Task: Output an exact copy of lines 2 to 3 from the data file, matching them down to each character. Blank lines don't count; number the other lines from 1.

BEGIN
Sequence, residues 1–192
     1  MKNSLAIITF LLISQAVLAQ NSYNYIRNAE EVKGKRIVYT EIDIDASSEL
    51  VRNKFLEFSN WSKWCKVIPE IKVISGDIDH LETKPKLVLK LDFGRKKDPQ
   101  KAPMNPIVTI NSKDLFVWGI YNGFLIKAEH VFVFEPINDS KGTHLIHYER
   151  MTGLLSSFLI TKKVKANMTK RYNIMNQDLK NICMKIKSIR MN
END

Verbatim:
     1  MKNSLAIITF LLISQAVLAQ NSYNYIRNAE EVKGKRIVYT EIDIDASSEL
    51  VRNKFLEFSN WSKWCKVIPE IKVISGDIDH LETKPKLVLK LDFGRKKDPQ